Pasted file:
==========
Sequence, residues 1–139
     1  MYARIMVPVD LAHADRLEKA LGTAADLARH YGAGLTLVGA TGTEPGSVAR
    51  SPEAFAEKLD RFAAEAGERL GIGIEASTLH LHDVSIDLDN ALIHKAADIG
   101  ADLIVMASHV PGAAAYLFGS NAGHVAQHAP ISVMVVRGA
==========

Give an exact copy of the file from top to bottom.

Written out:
Sequence, residues 1–139
     1  MYARIMVPVD LAHADRLEKA LGTAADLARH YGAGLTLVGA TGTEPGSVAR
    51  SPEAFAEKLD RFAAEAGERL GIGIEASTLH LHDVSIDLDN ALIHKAADIG
   101  ADLIVMASHV PGAAAYLFGS NAGHVAQHAP ISVMVVRGA